Sometimes images come out of nowhere and other times there is a clear line of development. I thought I would share with you one of those moments. The story of the one image and the choices that were made along the way. Continue reading Choices
I will confess I have a crush on a certain little robot. I’m sure you’ve seen him in my photographs before: cute little guy with an inquisitive nature. This crush began in the fall of 2014 when I created this robot from the plans supplied in LEGO Space: Building the Future by Peter Reid and Tim Goddard. Continue reading I have a crush on a certain little robot
I have always felt that a university education is wasted on the young. I went straight to college after graduating from high school and I always felt this was a mistake. So when I picked up a new book last month called 101 Things to Learn in Art School I was intrigued to see what I had missed the first time around. It turns out a lot.
File this under things I have never thought about:
Photography forever altered our compositional sense.
“The camera with its viewfinder that samples a portion of the world, changed our relationship to the frame. The understanding that the frame is artificial and that the world extends beyond it affects the way we compose images. Painters, such as Degas, allowed the frame to cut into figures and objects, implying that part of the subject lay outside of the view of the image. This was a radical change from the centered image of traditional painting where the space inside the frame was a metaphor for the world. Now, we see the edges of pictures as being vital and compositionally active, not dormant and arbitrary.” ~ 101 Things to Learn in Art School by Kit White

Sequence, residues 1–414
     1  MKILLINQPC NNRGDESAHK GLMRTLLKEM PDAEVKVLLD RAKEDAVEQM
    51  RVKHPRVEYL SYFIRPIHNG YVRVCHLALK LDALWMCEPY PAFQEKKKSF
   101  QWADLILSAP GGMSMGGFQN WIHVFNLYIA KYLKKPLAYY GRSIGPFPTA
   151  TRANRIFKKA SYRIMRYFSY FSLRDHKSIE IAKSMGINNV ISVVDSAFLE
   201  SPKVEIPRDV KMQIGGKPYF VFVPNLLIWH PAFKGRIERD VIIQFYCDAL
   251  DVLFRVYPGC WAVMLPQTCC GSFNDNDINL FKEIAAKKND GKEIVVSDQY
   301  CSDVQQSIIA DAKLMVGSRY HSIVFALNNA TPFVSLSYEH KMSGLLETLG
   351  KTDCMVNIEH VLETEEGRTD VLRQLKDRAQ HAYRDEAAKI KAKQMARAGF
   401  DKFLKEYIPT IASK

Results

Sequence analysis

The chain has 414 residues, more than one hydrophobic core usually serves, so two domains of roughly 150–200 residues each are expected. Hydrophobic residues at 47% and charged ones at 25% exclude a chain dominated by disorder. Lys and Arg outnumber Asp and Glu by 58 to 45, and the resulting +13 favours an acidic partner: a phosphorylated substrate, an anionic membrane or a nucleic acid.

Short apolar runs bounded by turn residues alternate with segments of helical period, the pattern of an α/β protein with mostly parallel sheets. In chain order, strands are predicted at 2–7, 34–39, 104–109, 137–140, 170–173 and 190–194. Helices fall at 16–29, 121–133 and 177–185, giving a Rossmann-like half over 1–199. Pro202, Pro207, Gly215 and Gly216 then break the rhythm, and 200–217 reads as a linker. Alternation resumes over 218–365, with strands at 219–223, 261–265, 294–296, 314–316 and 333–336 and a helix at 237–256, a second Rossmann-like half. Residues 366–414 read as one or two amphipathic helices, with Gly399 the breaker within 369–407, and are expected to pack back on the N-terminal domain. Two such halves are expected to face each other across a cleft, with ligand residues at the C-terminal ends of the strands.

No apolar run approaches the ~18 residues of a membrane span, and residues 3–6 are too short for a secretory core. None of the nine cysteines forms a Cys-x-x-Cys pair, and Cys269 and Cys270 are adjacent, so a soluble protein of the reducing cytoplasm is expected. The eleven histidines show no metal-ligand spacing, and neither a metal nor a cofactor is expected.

This seems at once so obvious and yet so completely foreign to me. In the photography world you hear so much about the Rule of Thirds, but that is only one approach; and a rather safe one at that.
As I move forward into the new year and continue to practice the art of toy photography, I will be paying more attention to this frame and its relationship to the subject. It is time to move beyond the old standard “rule of thirds” and be a little more daring.
I wonder what else I missed in art school?
Yesterday Me2 dedicated a post to one of our dearest community members Lyn Miller Lachman. Lyn has been one of the first and most supportive members our our community. Since Me2 and I are blogging newbies her advice has been appreciated. She is just one of the many unique people who we are happy to be #stuckinplastic with.
Today I want to talk about another interesting member of our community: Gordon Webb.
I first met Gordon in the G+ version of our Dark Room Forum where he posted images of his MOC’s (My Own Creations) and asked for feedback. He wanted to improve his photography so he could show off his creations in the best possible light. Gordon and I bonded over our mutual love of the Lego Galaxy Squad line and our mutual respect for each others work. (Gordon has the best Instagram tag for a builder: #instructionsareforwussies!)
After receiving such a great response when I posted a picture of one of Peter Reid’s Lego robot creations on Instagram, I have wanted to do a photo series of small robots exploring the world. This would be a chance to break away from traditional mini figure photography and bridge the gap between photographers and builders. Unfortunately I am not a builder, at least not yet. When Gordon posted a photo of Dutch on IG I fell in love with him and reached out to see if he would be open to a collaboration. Lucky for me he was!
I am excited about this project and I wanted to share it with you. StuckinPlastic is a unique community with lots of opportunity to work together and support, nurture and feed off each others ideas and energy. As you become familiar with our new home I hope you will take the time to post a few photos in the forums and lets see what else we can develop together.
I am happy to be StuckinPlastic with you!